3. Aside from the era's "Big Four" characters Daffy Duck, Speedy Gonzales, Wile E. Coyote and the Road Runner, Porky Pig, Sylvester and Granny are the only other major Looney Tunes characters to appear in this era, even though they only made minor appearances in this era.
    • Porky Pig appears in only two cartoons; "Corn on the Cop" and "Mucho Locos" (though the latter's appearance is stock footage from "Robin Hood Daffy").
    • Granny appears in only two cartoons; "It's Nice to Have a Mouse Around the House" (cameo appearance) and "Corn on the Cop".
    • Sylvester appears in five Speedy Gonzales cartoons; "Road to Andalay", "It's Nice to Have a Mouse Around the House" (cameo appearance), "Cats and Bruises", "The Wild Chase" and "A Taste of Catnip" (cameo appearance, albeit twice).
      • Even a few minor/supporting characters appear in this era, like the Goofy Gophers appearing in "Tease for Two", Ralph Phillips appearing in "Zip Zip Hooray!" (despite using reused footage from "Adventures of the Road-Runner"), Witch Hazel appearing in "A-Haunting We Will Go", Jose and Manuel appearing in "Chili Corn Corny" (or a possible relative/cousin, as the character is just named "The Loco Crow") and "Mucho Locos", and Sam Cat appearing in "The Spy Swatter" and "Merlin the Magic Mouse".
  4. Out of all of three eras, the DePatie-Freleng Enterprises cartoons at least used a wider set of classic characters, had less bad shorts, had more sound effects, and had slightly better animation than the Format Films and Warner Bros.-Seven Arts eras.
    • The Seven Arts era finally got slightly better after Alex Lovy departed and Looney Tunes veteran Robert McKimson returned as director, trying his best to return the cartoon studio to its heyday! Even if the final short ended both the series and his career on a sour note.
    • Speaking of which, Robert McKimson's Road Runner cartoons are far superior to Rudy Larriva's, even if he only made two Road Runner shorts, neither of which are up to the caliber of the Chuck Jones shorts.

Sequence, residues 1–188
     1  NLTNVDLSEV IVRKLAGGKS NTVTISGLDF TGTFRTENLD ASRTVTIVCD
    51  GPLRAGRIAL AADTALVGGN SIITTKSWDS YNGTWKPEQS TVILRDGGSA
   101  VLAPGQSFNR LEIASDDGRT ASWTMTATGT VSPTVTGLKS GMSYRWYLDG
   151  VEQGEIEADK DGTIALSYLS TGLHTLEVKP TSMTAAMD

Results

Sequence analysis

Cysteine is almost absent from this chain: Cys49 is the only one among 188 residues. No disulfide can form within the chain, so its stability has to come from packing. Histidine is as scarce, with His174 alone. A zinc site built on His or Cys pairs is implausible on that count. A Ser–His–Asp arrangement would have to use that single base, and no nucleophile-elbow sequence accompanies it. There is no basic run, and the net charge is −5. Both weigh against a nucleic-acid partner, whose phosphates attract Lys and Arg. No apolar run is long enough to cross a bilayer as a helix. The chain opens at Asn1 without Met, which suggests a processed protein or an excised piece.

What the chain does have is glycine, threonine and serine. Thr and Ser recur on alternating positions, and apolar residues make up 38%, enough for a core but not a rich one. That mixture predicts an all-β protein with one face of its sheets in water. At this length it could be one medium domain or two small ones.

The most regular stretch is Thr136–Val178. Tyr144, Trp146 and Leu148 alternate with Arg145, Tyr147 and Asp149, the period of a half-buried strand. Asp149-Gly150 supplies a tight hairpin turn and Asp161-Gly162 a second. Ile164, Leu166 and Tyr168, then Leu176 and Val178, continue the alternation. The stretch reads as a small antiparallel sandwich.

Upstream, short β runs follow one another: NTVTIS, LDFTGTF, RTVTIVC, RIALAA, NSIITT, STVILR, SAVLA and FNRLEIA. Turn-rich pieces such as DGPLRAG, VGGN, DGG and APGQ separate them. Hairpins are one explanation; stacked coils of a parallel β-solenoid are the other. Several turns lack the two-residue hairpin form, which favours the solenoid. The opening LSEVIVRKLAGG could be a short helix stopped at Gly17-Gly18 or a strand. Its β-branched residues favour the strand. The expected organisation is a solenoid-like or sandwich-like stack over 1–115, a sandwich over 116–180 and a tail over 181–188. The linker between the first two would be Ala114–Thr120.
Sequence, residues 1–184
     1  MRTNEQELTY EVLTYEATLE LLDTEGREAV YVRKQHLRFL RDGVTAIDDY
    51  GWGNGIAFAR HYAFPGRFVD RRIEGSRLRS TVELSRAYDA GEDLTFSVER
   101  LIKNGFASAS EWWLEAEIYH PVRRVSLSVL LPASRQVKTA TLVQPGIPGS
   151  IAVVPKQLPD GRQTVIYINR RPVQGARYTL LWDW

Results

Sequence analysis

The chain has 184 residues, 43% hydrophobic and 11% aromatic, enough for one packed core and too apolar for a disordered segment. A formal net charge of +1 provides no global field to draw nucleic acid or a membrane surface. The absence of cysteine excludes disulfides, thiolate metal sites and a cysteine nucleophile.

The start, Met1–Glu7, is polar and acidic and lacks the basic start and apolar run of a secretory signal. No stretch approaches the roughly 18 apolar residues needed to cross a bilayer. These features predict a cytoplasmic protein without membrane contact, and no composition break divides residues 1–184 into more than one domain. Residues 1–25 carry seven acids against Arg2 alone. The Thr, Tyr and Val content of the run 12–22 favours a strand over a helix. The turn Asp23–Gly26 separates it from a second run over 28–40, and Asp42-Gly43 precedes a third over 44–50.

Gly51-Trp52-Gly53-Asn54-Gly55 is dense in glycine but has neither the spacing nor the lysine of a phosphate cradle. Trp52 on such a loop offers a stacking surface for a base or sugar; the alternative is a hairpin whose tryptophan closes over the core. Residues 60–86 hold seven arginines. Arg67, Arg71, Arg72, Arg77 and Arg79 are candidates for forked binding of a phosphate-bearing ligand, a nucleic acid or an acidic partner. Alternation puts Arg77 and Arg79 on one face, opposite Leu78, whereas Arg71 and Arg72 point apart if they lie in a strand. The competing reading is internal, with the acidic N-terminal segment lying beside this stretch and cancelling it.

5. There are still a small amount of cartoons where Daffy Duck is likeable, such as "Skyscraper Caper" where he is friends with Speedy instead of an enemy, "Fiesta Fiasco", where Daffy has an actual reason to be going after Speedy (thinking Speedy's forgotten his birthday) and makes up with him at the end of the cartoon, "A Taste of Catnip" which essentially pokes fun at the idea of the Daffy/Speedy pairings as a horrible mismatch by depicting Daffy's obsessions of chasing Speedy to be abnormal, and "Mexican Mousepiece", where he is portrayed as a "Well-Intentioned Extremist"/anti-villain without selfish goals, trying to send off Speedy Gonzales and his mouse friends to a pair of starving cats that may go extinct, even if he went a little too far or overboard.
    • Thankfully, Daffy Duck would be reverted to his old personality after this era, despite his brief flanderization again in "The Chocolate Chase".
    • Also, the later cartoons in the DePatie-Freleng era often depict Daffy as a sympathetic character who has better reason to go after Speedy than a full-on antagonist.
    • Likewise, the Road Runner would also be reverted to his old personality once Chuck Jones resumed making new Road Runner cartoons for television.
  6. The awkward animation and music can make for unintentional comedy.
    • The animation can be good in some scenes, especially "Rushing Roulette", "Sugar and Spies" and "Rabbit Stew and Rabbits Too!".
  7. There are still some passable, decent, average or even good shorts in this era, that are watchable at best, despite the reused or poor animation, weak music, poorer writing, etc.. For example:
    • "Pancho's Hideaway" (which started the DePate-Freleng Enterprises era on a high note)
    • "Daffy's Diner" (which ended the DePatie-Freleng Enterprises era on a high note)
    • "Suppressed Duck" (the only solo Daffy Duck cartoon from these eras; and ended such on a high note)
    • "Rushing Roulette"
    • "The Wild Chase" (which ended Friz Freleng's directional career of the classic era on a high note)
    • "Sugar and Spies" (which ended Wile E. Coyote and the Road Runner's classic-era careers on a high note)
    • "Road to Andalay"
    • "Cats and Bruises"
    • "It's Nice to Have a Mouse Around the House" (which started the Daffy and Speedy shorts on an okay note)
    • "Go Go Amigo"
    • "Mexican Mousepiece"
    • "Daffy Rents"
    • "A-Haunting We Will Go" (though, depending on your view; also ended Witch Hazel's career on a good note)
    • "A Squeak in the Deep"
    • "Feather Finger"
    • "Swing Ding Amigo"
    • "A Taste of Catnip"
    • "Fiesta Fiasco"
    • "Skyscraper Caper"
    • "Corn on the Cop"
    • "Rabbit Stew and Rabbits Too!" (the only exceptionally good short of the Seven Arts-era; which also ended the one-offs on a high note)
    • "Fistic Mystic"
    • "Bugged by a Bee" (which ended the Looney Tunes label on a high note than Merrie Melodies)